Okay, so it was 1979, and Supertramp’s TAKE THE LONG WAY HOME was #10 on the charts. We had the BREAKFAST IN AMERICA album on cassette, and when it wasn’t IN the cassette deck in Dad’s  gross van, it was surely just being flipped over.

Photo: Pinterest

Photo: Pinterest

Supertramp’s cofounder Roger Hodgson has often described his two interpretations of the hit song he wrote:

  1. It’s about a guy dragging his heels, taking the long way back home since his wife treats him like a piece of furniture and he’s the laughing stock of the neighborhood. Let’s just say, I now understand why my dad kept this song on repeat.
  2. It’s also about how it may take a long time to find your way home, but that you always will — once you’re truly in touch with your heart.


And, the song held some duality for me, too, depending on my pre-teen moods:

When things with Dad were great, like when we went to Old Chicago (an indoor amusement park and shopping center), I didn’t want to take the long way home. I didn’t want to go home at all, because, as a 12-year-old, I saw him as my “favorite” parent then!

But when I was missing things back home — like my mom or my stepfather or my baby sister or my friends or my other life, I wasn’t happy about being shuttled back and forth in this ugly brown van with an often cranky, alcoholic father, a man who frequently missed the exits and turns, and who, in those times, forced us to take the long way home.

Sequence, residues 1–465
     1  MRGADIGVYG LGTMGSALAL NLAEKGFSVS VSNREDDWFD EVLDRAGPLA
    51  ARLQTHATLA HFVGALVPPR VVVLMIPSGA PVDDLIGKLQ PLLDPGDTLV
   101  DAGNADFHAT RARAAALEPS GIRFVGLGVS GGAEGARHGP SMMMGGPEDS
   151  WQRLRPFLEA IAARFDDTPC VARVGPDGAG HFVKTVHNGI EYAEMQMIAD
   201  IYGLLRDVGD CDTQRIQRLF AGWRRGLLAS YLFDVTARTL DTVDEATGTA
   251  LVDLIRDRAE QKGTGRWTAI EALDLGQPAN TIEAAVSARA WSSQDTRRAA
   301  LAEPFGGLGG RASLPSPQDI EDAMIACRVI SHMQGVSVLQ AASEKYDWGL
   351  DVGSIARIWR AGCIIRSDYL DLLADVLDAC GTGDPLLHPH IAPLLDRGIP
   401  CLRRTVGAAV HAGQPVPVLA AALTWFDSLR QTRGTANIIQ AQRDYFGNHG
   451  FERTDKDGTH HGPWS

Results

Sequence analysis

As you can imagine, taking the long way home was a complicated matter for me, but this song left room for all my feelings and interpretations.

Still, I cling to the positive memories of those weekend visits. There was one time when we were almost to our mom’s, but my little sister still needed a Z word to finish the ABC game. Dad and I were each already through the alphabet, and trust me, Z words weren’t easy to find.

But our dad intentionally diverted us from our usual route, specifically to drive past that HUGE Zenith TV sign along the highway — I think it was on 294?

screen-shot-2018-04-29-at-9-43-50-pmI figured out what Dad was doing — and didn’t say a word to Beth. When she saw the sign, she screamed. She finished! She did it! It was the very first time she’d gotten to the end on her own.

That night, our dad took the long way home.

And you know what?

It was absolutely worth it.

Thanks so much for creating this book, Rob. My father and my sister are both gone now. I’m grateful to you for giving me a reason to reconnect with all these memories from my past.


Photo: Robert K. Elder

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    I tend to cover life's ups and downs. I don't shy away from the tougher, more emotional stories. While I'm always willing to voice an opinion, it sometimes contradicts my innate desire to please everyone at all times. Such is this crazy life, I suppose. Ultimately, I search for meaning in the human experience, and openly share how I (try to) keep my head above water. Thanks so much for dropping by. I really appreciate hearing your thoughts.